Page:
“We observed that under some conditions levels of carbon dioxide increased above normal levels and that’s when blood pressure began to rise,” said Anderson. “And so we thought we were onto something there. And to our surprise, this was more true in women than in men.”

What was happening? Remember, we breathe in oxygen and exhale CO2. But if you hold your breath, carbon dioxide stays in your blood and the levels go up.

Chesney says women in particular may respond to stress by holding their breath. For example, in the movie Superman, you can hear Lois Lane catch her breath when he swoops her up into the air for the first time.

“Everything is so finely tuned,” Chesney said.

She explains. You hold your breath and CO2 goes up. When your CO2 goes up, your blood becomes more acidic. When your blood becomes more acidic, the kidney senses it.

“The kidneys pick up this through the blood, and realizes, this isn’t ideal,” Chesney said.

Normally, the kidneys are acting as a filter. They remove excess sodium, or salt, and we end up peeing it out. But when you hold your breath, the kidneys will start holding onto sodium to restore acid-base balance, she said.

That starts a whole other sequence of events. More fluid enters the blood vessels. For some people, it’s no big deal. The blood vessels expand. But for others, the blood vessels can’t adjust. And that’s when blood pressure starts to go up.

“This is, I would say, my theory,” said Anderson. “It is not proven to the satisfaction of everyone on earth because there are many competing hypotheses, but it seems to have been incorporated into, most of it into the current consensus of how things work.”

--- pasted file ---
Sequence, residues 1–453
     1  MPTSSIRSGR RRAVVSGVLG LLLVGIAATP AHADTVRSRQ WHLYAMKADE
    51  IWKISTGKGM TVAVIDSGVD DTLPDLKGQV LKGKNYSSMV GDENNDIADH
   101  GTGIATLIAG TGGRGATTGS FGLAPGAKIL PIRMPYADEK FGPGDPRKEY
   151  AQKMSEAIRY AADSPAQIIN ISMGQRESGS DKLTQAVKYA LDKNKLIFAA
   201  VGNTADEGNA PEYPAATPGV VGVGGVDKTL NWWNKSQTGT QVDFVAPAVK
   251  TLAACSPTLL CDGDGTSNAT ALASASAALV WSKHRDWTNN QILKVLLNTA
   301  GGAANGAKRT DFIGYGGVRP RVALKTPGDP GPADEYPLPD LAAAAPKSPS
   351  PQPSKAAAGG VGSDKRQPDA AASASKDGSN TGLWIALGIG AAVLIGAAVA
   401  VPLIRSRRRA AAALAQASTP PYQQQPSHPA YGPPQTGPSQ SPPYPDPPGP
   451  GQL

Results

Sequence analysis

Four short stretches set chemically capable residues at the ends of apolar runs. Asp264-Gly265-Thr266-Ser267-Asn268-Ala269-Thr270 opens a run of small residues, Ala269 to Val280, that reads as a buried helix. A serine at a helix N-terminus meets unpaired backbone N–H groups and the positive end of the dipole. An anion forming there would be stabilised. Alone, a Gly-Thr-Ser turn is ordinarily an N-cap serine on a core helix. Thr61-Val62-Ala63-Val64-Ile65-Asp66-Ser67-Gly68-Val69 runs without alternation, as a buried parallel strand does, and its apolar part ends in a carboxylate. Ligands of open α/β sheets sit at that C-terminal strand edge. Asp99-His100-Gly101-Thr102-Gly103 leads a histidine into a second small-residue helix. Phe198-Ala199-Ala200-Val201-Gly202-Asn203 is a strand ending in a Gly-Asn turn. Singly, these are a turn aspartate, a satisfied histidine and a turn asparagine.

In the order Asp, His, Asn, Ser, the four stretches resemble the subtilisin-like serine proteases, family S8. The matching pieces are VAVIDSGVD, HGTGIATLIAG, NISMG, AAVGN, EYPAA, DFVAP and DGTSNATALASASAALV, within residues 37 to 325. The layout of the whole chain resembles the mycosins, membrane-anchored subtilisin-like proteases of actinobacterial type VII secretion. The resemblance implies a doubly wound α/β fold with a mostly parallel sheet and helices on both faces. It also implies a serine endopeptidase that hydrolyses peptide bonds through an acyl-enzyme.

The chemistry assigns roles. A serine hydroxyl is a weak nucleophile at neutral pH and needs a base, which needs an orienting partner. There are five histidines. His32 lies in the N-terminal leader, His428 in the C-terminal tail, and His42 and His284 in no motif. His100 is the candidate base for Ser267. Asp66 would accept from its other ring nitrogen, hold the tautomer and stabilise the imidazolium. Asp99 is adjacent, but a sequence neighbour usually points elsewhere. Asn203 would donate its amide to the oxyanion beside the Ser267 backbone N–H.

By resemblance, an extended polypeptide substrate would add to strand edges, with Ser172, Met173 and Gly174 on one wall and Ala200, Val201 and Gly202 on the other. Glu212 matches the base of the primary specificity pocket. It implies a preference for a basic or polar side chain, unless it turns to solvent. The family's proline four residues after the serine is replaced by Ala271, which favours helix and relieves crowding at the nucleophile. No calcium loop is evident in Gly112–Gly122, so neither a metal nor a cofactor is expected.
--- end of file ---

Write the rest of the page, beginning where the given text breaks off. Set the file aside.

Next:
This is where it helps to have a partner who believes in you, and is also another scientist.

“Once you join lives with somebody else, it influences the direction your work takes if you interact with her about that work,” Anderson said.

When a grant opportunity came up, Anderson and Chesney decided to merge their interests. She had become intrigued by treatments like ayurveda, acupuncture and meditation that fell outside mainstream Western medicine. The couple designed two studies. The study on mindfulness meditation is one. They’re also testing a biofeedback monitor that beeps whenever it detects that you exhale high levels of CO2, i.e. if you’re holding your breath. The results aren’t published yet, but Chesney and Anderson say both studies look promising.

Susan Evans says the study is working for her. We’re at her San Francisco apartment staring at a piece of paper stuck to her front door. In black is written the word, “breathe.” It’s supposed to be a reminder.

“Sometimes I look at it as I go out the door and remember to breath and to be more calm or meditative, but sometimes I just rush out the door because the bus is coming,” Evans said.

Even so, Evans’ blood pressure is down. She doesn’t feel any different, but it’s still a relief. Plus, she enjoys the meditation.

As for Anderson, he’s about to retire. It’s gratifying that what is likely his final experiment may offer a treatment option for a condition that has been his life’s work. It took a lot of persistence, but also a partnership with his wife Margaret Chesney to get here.

“What am I doing now wouldn’t be here without her,” said Anderson. “How much more can I say than that?”